What percentage of Spanish would I be if my 21st great-grandpa was 50% Spanish?

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So I'm wondering, what exact percentage of Spanish I am, my great grandpa 21 times "Anastasio" was 50% Spanish. Would there still even be Spanish blood in my DNA, or would it just cancel out?

Ryan Conors

Posted 2017-06-19T21:43:39.447

Reputation: 9

Answers

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You are effectively 0% Spanish.

Theoretically, you can perform some calculations. You are descended from 223 = 8,388,608 twenty-first great grandparents. Of course, due to inbreeding there will not be that many (i.e. some will appear in your tree more than once), but let's just carry on with the calculations ignoring that fact.

Now, if you work under the assumption that you inherited exactly the same ammount of DNA from each of your 21st great grandparents, then you inherited exactly 1/8388608 or 0.0000119% of your DNA from Anastasio. If you'd like to you can half that number to determine a percent Spanish.

But that's simply not true, because you do not inherit DNA from every one of your ancestors. Due to genetic recombination, you inherit more DNA from some ancestors than others. While you inherit exactly 50% of your autosomal DNA from your mother and father, your maternal and paternal gametes had already undergone genetic recombination, meaning you might have inherited 22% from one grandparent and 28% from another. Now amplify this over 23 generations, and you'll find that you inherit no DNA from some ancestors. This is why when testing autosomal DNA and comparing with others it becomes increasingly difficult to identify genetic links beyond 6 or 7 generations back. See the blog post titled How much of your genome do you inherit from a particular ancestor? for more information on this topic.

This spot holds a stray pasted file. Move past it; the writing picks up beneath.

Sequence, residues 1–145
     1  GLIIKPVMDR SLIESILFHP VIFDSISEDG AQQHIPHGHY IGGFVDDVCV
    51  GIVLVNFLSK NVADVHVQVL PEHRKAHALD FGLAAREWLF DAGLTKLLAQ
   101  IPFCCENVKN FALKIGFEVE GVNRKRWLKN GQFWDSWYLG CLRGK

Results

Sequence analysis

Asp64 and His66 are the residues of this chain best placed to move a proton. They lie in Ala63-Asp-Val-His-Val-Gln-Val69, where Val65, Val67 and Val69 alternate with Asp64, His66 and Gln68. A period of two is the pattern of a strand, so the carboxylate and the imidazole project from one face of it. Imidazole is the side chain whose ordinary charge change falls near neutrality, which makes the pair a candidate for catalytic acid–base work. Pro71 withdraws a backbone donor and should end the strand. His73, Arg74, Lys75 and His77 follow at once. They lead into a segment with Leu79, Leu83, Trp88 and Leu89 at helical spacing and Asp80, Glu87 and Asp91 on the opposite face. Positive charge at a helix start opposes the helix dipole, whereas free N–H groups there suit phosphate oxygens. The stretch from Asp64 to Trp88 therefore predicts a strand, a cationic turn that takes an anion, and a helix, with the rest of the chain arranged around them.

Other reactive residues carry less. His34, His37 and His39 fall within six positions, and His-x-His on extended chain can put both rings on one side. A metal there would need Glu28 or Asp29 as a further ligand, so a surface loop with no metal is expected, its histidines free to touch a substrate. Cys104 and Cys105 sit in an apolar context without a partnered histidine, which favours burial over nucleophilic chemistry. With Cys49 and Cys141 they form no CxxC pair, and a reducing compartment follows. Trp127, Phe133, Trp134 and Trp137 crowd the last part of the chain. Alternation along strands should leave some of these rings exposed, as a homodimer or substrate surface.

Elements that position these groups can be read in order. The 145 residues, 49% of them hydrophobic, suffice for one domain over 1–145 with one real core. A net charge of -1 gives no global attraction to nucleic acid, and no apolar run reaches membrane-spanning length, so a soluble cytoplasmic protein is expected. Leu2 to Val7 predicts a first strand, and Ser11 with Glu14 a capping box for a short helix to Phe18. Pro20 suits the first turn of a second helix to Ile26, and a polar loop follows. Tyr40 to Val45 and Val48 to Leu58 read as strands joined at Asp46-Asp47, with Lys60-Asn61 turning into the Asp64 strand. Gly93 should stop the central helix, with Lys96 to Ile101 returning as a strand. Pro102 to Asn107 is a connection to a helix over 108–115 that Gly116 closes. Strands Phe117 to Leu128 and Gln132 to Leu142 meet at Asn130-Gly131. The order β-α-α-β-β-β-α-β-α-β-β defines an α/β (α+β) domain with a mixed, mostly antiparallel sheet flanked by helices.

In summary, the chances are extremely high that you inherited no DNA from that particular 21st great grandparent, therefore you cannot claim any Spanish DNA via this line.

If you are descended from this ancestor in the patrilineal (male) line, then this calculation will be different as the Y-chromosome is transmitted father to son mostly unchanged, even over tens of generations. In such a scenario your patrilineal 21st great grandfather has more significant represention in your overall genetic makeup.

Given the date that ancestor must have lived, I would also be skeptical as to whether you can provide any substantial evidence confirming that that you are descended from that particular 21st great grandfather, but that's neither here nor there.

For a more general discussion of ethnicity percentages see Determining ethnicity according to ancestry?

Harry Vervet

Posted 2017-06-19T21:43:39.447

Reputation: 17 763

Great answer! Totally agree. The only thing is left, which worries me - how probable are mutations in 400000 SNPs tested by Illumina chips (FTDNA, 23andMe and so on) in each generations? – GEORG GAAL – 2017-06-20T05:52:35.317